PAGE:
Skip to comments.Friday Tornado Setup Similar to 1974 Super Outbreak (Heads up!)
Posted on 03/01/2012 5:44:38 PM PST by TSgt
The setup and aftermath on Friday for the Ohio and Tennessee valleys could be similar to the weather pattern during and following the 1974 Super Outbreak.
Spanning April 3-4, 1974, a swarm of tornadoes tore through areas from Illinois and southern Michigan to northern Alabama and Georgia.
The outbreak produced 148 confirmed tornadoes, six of which were F-5 intensity. The most powerful of these storms slammed into Xenia, Ohio.
Every weather pattern no matter how similar always has its differences, and this outbreak will have its own characteristics.
However, according to Severe Weather Expert Henry Margusity, "In the case of the end of this week and back in early April of 1974, it appears strong upper-level winds and cool air approaching from the west could hit a zone of advancing warm, moist air in just the right manner to produce monsters of thunderstorms."
This is not to say communities that were hit by the tornadoes in 1974 will be hit again, as the atmosphere is much more random than this.
"There will be a strengthening storm system tracking to the northeast from the southern Plains to the Great Lakes," Margusity said.
Former West Lafayette, Ind., resident Senior Meteorologist Jim Andrews recalls that outbreak.
"Having one of the super cell thunderstorms pass right over my town was the scariest moment of my life," Andrews said.
Fortunately, Andrews' town was spared any major damage.
This outbreak is not likely to extend as far north into the Great Lakes region as that of 1974.
We pray the storms are far less intense and hope they avoid places where people live.
We do urge that people take this threat seriously, as there is a risk of violent storms sweeping through population centers and rural communities.
Also similar to 1974, a sweep of cold air in the wake of the tornado outbreak will yield areas of snow.
Snow blanketed Xenia only hours after the devastating tornado swept through in early April of 1974.
Most of any snow that falls this weekend immediately in the wake of severe weather will tend to be focused near the Great Lakes into the central Appalachians.
The pattern could add to the misery of cleanup operations from the midweek event and, woefully, from Friday into Saturday.
It is possible some snow showers dip as far south and west as portions of the Ohio and Tennessee valleys by early Monday.
According to Severe Weather Expert Dan Kottlowski, "At least the weather pattern in the wake of the storms Friday into Saturday will be much less volatile in these areas and others for many days."
Drier, more stable air will settle over the region through much of next week.
Moo ooo ooo ooo ooo
I remember the ‘74 storms. I was about to graduate from high school and for once I did not want the school to get blown away in a tornado.
With auto update/reloads it beats anything else on the net and it is free.
Use it all the time, but especially when storm spotting.
I hope Reed Timmer is all over this in Dominator 2.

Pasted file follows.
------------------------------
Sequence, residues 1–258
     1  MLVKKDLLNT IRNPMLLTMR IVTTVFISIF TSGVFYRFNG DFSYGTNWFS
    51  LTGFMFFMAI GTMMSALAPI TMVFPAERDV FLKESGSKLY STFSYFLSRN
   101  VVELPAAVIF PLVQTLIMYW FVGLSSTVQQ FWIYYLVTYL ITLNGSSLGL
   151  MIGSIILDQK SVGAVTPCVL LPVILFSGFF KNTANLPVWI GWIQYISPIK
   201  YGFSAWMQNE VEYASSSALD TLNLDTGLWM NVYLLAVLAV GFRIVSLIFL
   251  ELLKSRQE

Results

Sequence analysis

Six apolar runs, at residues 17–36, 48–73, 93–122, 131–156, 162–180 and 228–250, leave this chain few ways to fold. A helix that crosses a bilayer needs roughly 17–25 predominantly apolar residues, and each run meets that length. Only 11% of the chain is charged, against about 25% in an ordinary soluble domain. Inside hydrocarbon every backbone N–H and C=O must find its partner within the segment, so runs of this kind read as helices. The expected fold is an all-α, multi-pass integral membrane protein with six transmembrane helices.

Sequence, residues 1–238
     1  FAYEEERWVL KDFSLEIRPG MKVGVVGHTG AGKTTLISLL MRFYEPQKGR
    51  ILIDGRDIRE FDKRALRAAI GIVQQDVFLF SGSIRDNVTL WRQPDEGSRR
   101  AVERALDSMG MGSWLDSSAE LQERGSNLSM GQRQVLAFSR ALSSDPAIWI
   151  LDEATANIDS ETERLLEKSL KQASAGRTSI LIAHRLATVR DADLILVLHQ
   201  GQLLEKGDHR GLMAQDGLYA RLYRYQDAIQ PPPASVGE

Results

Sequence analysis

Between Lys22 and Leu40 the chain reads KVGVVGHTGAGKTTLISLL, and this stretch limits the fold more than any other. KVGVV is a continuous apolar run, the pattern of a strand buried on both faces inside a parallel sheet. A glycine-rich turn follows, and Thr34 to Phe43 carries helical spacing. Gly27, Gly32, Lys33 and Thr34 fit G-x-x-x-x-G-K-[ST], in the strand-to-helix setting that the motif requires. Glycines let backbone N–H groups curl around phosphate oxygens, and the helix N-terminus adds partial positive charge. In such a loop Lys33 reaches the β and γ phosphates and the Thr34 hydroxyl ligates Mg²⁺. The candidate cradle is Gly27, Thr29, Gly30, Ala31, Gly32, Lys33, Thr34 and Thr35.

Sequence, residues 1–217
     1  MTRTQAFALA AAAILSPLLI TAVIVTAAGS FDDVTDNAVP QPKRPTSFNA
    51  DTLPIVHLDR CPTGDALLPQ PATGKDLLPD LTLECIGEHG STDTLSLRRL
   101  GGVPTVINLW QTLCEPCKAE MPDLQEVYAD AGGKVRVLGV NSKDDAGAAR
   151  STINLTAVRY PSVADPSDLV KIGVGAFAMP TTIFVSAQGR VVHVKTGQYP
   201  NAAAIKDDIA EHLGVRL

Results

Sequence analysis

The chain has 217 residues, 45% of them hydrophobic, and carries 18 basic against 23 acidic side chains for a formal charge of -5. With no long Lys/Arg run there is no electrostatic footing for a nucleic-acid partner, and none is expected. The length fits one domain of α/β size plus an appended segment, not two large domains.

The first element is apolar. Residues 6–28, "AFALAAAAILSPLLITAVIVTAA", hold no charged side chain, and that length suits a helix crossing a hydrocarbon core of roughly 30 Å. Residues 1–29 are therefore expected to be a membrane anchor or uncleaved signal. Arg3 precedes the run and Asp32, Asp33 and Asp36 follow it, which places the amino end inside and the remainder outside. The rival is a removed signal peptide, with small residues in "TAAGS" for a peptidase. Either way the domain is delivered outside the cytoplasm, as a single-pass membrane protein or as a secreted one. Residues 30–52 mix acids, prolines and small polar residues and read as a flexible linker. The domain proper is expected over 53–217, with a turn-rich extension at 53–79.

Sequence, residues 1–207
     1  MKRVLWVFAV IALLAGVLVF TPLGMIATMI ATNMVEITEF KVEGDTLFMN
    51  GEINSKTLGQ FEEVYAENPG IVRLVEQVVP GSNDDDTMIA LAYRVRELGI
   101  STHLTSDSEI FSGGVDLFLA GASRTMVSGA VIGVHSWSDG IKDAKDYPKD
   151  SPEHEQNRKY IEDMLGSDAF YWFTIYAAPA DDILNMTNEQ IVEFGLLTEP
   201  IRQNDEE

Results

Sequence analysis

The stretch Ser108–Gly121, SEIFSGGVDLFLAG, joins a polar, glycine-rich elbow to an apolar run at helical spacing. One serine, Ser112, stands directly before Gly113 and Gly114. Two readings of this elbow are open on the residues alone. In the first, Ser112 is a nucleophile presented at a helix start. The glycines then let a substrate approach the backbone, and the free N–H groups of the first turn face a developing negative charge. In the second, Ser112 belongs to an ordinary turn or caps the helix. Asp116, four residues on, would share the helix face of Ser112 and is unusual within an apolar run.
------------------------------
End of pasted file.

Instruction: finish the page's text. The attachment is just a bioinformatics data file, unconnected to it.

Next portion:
Has Dear Leader made any reponse yet to the affected areas?
Never mind, he probably has a party planned.
I also remember 1974 Outbreak. I spent the entire night in my parents’ basement in Indiana.
Super-nervous here in south-central Kentucky. It was pretty bad yesterday, but looks to be even worse tomorrow. Headin’ to my brother’s who has a basement cut into the side of a hill! Taking some “adult liquid” and poker chips to ride the storm out!! Be safe, my friends!
Are you a Skywarn participant?
I’ve been following Reed’s posts of Facebook today. He’s now in StL and will be heading east tomorrow. He’s kinda got me on edge with the Doom’s Day scenario he’s painted.
I think the radar and mapping functions are superior to NOAA.
I'll be watching both NOAA and Wunderground closely tonight and tomorrow. I already see some activity. Interesting the way these gulf things seem to come up out of no where. It was much the same two years ago during our Nashville flood.
I’m waiting for Larry the Cable Guy to go on tv and say
Baraq Obama don’t care about white people
Let’s hope it wipes out Detroit, or what is left of it. Then we can start all over again.
Detroit Denby, Class of 1967
WSMV in Nashville has a new RADAR that updates faster online than any product the NWS has. The interactive part is pretty neat.
Watch for sharp contrasts in dew points as well as temperature differences and wind speed differentials. If you are looking at detailed radar maps, look for a dryline east of the frontal boundary. Those are REAL serious things to look for.
Check it out here and make sure to use the full screen mode (click the upper left expander icon to go full screen). It also has wind, lightning and rotation info as well as outlook predictions available via the WEATHER and SEVER menu drop-downs.
Thanks, FRiend! Bookmarked.
We drove for miles and miles west on I-40 beside Reed and his crazy looking vehicle. A real diversion on an otherwise boring drive from Memphis to OKC.
I hate the kind that did the damage/killing in Harrisburg (Southern Illinois)...200 yard wide F4...deadly. Of course there are bigger ones - but those are big enough.
They are almost cruel in that they can totally destroy a house down to the ground and do relatively minor damage to the house next door...random and deadly.